Today my son posted a link to an article that Christian pacifist Stanley Hauerwas wrote in response to the events of September 11, 2001. The piece was apparently published in the South Atlantic Quarterly in 2002. Hauerwas was appalled and saddened by the loss of life, but also saddened by President Bush’s decision to declare war in response. He remained steadfast in his pacifism, stating, “I should like to think pacifism names the habits and community necessary to gain the time and place that is an alternative to revenge.” He added, though, “But I do not pretend that I know how that is accomplished.”

Stanley Hauerwas

What I particularly appreciate about the piece is Hauerwas’s critique of war-making as an American proclivity. He suggested that the declaration of war was born of a desire to reassert control after experiencing a profound loss of control. He believed that war-making gives Americans a sense of comfort and normality: “War is such normalizing discourse. Americans know war. This is our Pearl Harbor. Life can return to normal. We are frightened, and ironically war makes us feel safe. The way to go on in the face of September 11, 2001, is to find someone to kill.”  Americans do seem quite content with being at war.  Seldom is public discourse disturbed by any sort of reminder that war is a bad thing, after all, and we should be trying hard to end our current conflicts. 

The passage I found most thought-provoking is this:

“War makes clear we must believe in something even if we are not sure what that something is, except that it has something to do with the ‘American way of life.’ What a gift bin Laden has therefore given America. Americans were in despair because we won the cold war. Americans won by outspending the USSR, proving that we can waste more money on guns than they can or did. But what do Americans do after they have won a war? The war was necessary to give moral coherence. We had to cooperate with one another because we were at war. How can America make sense of what it means for us to be ‘a people’ if we have no common enemy? We were in a dangerous funk having nothing better to do than entertain ourselves with the soap opera Bill Clinton was. Now we have something better to do. We can fight the war against terrorism.”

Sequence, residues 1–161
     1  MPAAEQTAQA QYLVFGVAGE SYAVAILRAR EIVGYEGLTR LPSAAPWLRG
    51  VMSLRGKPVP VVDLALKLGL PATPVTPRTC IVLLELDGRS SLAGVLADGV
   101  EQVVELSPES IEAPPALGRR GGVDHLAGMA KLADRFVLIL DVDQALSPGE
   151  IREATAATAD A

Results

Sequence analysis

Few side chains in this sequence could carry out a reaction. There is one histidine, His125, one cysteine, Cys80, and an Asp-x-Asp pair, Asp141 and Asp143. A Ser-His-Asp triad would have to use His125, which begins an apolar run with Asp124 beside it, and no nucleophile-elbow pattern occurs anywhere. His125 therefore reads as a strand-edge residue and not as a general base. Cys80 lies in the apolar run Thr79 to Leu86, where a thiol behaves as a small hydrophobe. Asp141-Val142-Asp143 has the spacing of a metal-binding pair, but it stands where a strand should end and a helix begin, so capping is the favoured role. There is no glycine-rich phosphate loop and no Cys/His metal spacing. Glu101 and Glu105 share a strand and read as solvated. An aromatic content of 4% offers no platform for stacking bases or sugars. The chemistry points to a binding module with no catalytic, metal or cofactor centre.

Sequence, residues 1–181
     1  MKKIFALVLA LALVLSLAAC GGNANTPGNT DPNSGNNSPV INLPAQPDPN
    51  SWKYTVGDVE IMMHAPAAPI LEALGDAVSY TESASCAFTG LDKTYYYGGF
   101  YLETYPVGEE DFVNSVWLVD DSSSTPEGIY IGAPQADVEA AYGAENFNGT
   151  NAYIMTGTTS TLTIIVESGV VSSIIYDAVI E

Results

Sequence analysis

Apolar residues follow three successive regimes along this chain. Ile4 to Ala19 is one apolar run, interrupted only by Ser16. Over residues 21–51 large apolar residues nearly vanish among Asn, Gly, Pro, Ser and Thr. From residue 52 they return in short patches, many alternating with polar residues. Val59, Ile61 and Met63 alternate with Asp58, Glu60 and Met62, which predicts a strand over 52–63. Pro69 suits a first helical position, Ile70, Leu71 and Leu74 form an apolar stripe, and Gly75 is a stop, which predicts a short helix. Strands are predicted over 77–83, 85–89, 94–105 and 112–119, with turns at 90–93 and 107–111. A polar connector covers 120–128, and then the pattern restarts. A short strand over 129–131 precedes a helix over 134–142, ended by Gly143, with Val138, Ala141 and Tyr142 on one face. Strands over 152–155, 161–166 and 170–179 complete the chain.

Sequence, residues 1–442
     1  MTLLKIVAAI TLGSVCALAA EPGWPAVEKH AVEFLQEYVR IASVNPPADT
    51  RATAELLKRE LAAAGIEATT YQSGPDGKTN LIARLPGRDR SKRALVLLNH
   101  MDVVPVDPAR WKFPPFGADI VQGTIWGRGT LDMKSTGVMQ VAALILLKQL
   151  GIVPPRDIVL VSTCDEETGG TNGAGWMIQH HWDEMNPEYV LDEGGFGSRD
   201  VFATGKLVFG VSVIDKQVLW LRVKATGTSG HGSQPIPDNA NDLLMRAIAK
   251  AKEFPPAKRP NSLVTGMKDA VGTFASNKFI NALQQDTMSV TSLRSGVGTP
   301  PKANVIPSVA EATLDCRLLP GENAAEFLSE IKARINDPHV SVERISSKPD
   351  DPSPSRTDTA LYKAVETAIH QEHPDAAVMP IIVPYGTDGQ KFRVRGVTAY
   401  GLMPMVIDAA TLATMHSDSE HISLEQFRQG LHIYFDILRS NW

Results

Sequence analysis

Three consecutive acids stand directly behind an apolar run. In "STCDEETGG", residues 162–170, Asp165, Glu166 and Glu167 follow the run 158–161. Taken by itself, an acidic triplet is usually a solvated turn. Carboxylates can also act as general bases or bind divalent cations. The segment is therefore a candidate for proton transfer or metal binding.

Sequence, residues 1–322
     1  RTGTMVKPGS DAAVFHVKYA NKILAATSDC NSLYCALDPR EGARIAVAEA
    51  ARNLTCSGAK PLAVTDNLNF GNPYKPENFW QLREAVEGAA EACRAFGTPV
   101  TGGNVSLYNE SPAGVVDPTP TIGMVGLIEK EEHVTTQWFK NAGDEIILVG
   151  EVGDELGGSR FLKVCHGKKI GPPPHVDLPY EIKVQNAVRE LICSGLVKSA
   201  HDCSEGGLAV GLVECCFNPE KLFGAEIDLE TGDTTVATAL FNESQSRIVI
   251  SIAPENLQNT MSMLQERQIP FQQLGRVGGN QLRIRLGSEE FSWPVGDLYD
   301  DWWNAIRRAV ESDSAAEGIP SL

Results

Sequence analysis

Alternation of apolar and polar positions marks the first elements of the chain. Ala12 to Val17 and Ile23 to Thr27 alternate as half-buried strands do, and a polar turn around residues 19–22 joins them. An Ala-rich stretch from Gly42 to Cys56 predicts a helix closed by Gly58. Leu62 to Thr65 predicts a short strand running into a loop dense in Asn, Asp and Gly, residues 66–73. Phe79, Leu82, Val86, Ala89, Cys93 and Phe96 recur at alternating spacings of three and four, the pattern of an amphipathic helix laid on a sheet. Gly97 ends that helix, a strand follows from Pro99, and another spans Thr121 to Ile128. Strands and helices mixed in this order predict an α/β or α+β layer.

The declaration of war did give the nation a sense of purpose. The mission seemed noble; terrorism needed to be defeated. Of course, terrorism isn’t an enemy that can ever be defeated once and for all, so to declare war on terrorism was in fact to announce a perpetual state of war. After ten years, though, the benefits of war no longer seem as clear, and the nation is weary with the loss of American lives, the expense of maintaining the military apparatus, and the persistence of the enemy. Might peace eventually break out?

There is much more to Hauerwas’s critique. The entire article can be found here.